Introduction

Throughout human history people have been taking to the water in sailing boats, be it for trade, exploration or war. Not until the twentieth century, though, did the idea first surface that a sailing boat might be able to steer itself. In the heyday of the tall ships, and even well into the modern era steering meant hands on the wheel. Crew were plentiful and cheap, and all the work on deck, in the rigging or with the anchor was performed manually. Where brute force was insufficient there were blocks and tackle, cargo runners and, for the anchor, the mechanical advantage of long bars and a capstan. Some of the last generation of tall ships, engaged in their losing battle with the expanding steamship fleet, did carry small steam-powered engines to assist the crew, but steering nevertheless remained a strictly manual task. There were three steering watches and the work was hard - even lashing the helm with a warp helped considerably. The great square-riggers plied the oceans without the help of electric motors or hydraulic systems.

In the early part of the twentieth century, recreational sailing was the preserve of the elite. Yachting was a sport for wealthy owners with large crews, and nobody would have dreamt of allowing the 'prime' position on board, the helm, to be automated.

It was only after the triumph of steam and the ensuing rapid increase in international trade and travel that the human helmsperson gradually became unnecessary; the first autopilot was invented in 1950.

Powerful electrohydraulic autopilots were soon part of the standard equipment on every new ship, and although the wheel was retained, it now came to be positioned to the side of the increasingly important automatic controls. Commercial ships and fishing boats quickly adapted electric or hydraulic systems to just about every task above and below deck - from loading gear, anchor capstans and cargo hatch controls to winches for net recovery and making fast. Before long ships had become complex systems of electric generators and consumers, and as long as the main engine was running there was power in abundance.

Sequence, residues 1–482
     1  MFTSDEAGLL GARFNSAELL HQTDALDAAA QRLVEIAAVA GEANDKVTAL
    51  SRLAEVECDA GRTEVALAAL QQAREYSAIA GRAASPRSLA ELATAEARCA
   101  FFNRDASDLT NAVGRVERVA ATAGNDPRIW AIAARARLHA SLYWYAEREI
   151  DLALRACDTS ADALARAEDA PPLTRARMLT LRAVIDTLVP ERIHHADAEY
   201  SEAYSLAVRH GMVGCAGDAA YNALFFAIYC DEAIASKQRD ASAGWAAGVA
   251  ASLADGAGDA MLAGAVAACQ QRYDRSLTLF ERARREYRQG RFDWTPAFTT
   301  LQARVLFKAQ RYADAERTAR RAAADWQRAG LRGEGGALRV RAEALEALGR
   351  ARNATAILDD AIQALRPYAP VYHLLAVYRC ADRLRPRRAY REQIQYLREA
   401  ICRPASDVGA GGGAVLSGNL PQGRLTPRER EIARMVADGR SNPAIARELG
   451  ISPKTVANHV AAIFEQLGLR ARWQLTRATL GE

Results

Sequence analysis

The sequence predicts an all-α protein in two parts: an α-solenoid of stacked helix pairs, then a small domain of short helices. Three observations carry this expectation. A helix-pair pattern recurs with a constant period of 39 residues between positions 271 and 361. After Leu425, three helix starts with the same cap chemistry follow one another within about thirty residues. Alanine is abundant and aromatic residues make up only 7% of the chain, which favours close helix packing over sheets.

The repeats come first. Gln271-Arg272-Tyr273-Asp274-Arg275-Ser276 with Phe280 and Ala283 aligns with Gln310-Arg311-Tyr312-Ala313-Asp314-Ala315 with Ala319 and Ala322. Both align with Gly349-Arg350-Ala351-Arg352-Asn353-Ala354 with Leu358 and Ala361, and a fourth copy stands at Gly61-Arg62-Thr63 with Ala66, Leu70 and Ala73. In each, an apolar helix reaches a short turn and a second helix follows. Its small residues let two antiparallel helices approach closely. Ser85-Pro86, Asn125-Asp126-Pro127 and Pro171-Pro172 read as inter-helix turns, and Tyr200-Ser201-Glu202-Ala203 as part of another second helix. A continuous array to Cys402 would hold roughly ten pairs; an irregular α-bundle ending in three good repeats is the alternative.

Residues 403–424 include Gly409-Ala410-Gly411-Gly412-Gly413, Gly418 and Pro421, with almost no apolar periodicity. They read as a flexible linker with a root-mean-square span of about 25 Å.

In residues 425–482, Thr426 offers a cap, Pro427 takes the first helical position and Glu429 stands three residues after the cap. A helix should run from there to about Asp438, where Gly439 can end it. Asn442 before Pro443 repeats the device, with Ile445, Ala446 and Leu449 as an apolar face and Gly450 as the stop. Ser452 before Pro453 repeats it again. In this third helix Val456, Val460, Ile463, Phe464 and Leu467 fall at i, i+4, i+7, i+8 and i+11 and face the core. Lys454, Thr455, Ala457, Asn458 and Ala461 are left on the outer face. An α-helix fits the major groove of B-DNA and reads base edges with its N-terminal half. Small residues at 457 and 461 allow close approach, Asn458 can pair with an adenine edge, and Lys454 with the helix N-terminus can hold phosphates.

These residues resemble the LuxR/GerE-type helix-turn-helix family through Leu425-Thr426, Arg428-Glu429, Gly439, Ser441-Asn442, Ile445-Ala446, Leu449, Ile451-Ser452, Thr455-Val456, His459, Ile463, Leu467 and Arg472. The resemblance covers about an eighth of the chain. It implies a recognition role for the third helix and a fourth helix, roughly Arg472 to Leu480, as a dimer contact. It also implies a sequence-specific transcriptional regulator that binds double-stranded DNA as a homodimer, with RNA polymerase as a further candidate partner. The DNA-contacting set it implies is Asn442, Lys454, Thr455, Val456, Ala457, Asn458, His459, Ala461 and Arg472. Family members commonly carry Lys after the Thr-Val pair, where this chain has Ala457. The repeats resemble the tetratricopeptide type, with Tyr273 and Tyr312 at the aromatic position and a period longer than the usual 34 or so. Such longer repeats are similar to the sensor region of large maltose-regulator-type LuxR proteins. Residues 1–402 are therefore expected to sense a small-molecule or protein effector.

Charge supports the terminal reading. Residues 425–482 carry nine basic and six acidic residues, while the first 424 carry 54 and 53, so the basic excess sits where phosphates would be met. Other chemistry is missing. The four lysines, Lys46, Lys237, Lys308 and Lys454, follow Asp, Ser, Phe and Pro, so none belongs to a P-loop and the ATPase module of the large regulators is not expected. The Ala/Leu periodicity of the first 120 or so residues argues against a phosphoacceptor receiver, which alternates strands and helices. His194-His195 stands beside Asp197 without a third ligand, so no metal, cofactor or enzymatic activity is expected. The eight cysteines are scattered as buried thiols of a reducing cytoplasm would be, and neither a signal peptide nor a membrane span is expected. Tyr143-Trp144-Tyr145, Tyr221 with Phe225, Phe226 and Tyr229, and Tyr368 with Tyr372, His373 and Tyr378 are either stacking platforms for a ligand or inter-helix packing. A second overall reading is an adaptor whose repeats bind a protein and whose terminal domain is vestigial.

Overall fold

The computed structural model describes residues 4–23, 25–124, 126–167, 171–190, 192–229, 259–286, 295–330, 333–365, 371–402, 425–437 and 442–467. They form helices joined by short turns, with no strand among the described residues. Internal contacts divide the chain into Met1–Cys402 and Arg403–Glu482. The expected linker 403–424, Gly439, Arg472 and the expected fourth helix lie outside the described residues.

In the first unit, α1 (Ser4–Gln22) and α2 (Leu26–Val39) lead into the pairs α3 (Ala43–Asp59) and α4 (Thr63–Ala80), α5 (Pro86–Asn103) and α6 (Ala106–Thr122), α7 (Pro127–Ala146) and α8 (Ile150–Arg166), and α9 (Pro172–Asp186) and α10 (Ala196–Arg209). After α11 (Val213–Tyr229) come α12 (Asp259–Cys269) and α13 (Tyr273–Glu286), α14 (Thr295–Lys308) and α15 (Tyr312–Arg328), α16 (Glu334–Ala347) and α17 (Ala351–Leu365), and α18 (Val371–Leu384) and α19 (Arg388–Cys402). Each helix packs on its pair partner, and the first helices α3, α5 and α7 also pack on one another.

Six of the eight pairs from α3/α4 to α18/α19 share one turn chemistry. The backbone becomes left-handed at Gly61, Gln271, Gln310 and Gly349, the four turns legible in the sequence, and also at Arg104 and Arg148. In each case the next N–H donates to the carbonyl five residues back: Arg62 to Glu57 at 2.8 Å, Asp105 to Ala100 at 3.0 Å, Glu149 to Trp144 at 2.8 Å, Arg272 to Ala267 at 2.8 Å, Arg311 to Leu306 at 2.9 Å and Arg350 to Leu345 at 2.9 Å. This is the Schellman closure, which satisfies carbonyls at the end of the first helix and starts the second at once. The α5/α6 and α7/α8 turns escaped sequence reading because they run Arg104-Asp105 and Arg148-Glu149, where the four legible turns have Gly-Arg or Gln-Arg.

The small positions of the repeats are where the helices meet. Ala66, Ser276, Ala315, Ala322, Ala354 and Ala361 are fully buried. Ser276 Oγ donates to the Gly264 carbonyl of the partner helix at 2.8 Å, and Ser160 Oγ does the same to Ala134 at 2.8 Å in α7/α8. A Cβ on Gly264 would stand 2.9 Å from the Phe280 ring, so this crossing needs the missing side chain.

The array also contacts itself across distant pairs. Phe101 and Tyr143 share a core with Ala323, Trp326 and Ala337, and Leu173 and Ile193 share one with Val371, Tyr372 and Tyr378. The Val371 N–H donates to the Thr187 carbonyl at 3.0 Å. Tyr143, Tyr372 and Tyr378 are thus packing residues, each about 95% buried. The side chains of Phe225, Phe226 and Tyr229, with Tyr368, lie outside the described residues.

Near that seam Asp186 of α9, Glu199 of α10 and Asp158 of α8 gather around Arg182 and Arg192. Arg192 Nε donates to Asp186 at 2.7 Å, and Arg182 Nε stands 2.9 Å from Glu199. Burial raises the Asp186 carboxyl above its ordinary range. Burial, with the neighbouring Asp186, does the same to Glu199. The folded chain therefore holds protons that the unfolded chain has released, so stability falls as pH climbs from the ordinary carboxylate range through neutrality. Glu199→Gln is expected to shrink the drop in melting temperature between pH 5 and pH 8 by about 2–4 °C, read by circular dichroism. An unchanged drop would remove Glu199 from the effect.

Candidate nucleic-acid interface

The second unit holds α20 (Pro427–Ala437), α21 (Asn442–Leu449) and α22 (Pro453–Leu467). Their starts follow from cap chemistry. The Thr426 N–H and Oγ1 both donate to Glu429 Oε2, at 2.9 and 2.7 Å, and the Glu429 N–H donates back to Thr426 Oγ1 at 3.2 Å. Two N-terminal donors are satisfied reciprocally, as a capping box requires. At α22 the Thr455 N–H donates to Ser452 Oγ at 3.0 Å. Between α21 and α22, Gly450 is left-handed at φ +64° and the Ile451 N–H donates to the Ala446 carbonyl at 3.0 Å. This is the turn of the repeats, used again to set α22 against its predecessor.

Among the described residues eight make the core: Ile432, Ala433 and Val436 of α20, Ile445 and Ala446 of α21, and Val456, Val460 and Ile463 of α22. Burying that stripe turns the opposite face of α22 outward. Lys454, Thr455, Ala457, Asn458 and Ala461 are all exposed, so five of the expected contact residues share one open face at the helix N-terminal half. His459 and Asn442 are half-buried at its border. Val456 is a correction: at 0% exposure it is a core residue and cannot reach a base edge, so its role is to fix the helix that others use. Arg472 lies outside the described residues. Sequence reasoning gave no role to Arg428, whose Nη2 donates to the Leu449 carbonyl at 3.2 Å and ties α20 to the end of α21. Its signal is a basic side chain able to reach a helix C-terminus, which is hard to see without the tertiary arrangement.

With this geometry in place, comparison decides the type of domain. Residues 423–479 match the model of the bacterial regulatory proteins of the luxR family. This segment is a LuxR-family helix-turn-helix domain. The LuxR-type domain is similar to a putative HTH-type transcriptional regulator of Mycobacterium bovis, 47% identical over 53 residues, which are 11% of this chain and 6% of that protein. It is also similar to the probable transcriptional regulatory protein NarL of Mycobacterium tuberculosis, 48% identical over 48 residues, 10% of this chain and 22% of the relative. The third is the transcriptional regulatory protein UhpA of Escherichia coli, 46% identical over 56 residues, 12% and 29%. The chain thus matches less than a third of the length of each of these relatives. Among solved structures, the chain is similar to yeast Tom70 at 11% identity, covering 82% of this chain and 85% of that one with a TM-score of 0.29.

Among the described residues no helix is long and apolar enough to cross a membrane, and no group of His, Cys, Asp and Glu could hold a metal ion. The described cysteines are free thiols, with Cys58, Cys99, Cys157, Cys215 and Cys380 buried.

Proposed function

Today, the world's commercial and fishing fleets are steered exclusively by autopilots - a fact that should give every blue water sailor pause for thought. Even the most alert watchperson on the bridge of a container ship at 22 knots is powerless to prevent it from ploughing ahead a little longer before gently turning to one side. A freighter on the horizon comes up quickly, particularly since the height of eye on a sailing yacht is virtually zero. Collisions between sailing boats and container ships, as immortalised in the cartoons of Mike Peyton, prey on the mind of every sailor. Horror stories appear time and again in the yachting magazines, and in almost all of them the sailing boat ends up with the fish. Sometimes the sailors are rescued and the story has a happy ending. The tale of one solo sailor whose yacht inadvertently turned the tables on the merchant fleet by steering a fish cutter while he was sleeping caught the attention of the daily press all around the world. As sensational as it is unique, this incident involved the courts as well.

It is tempting on these ground to condemn single-handed sailing as highly dangerous -after all, this skipper has to sleep sooner or later. All too easily overlooked, however, is the fact that commercial vessels the world over are regularly entrusted to a lone pair of eyes on long night watches ... And if they should fall shut, the end result is same: A ghost ship and great danger for any unfortunate seafarer who strays into the wrong place at the wrong time.

The human helm's time at sea is just about up; not only tireless and more reliable, but often more competent as well, the iron helm is making the hand on the tiller all but superfluous. Even through the narrowest straits of the coast of Sweden, Stena Line's large ferries navigate every rock and shoal at full speed with only an autopilot and the Decca pulses of their purpose-designed software at the helm. All that remains for the sailor is a supervisory role - a role which, of course, you can only carry out as long as your eyes stay open!

Steering the Russian square-rigger Sedov

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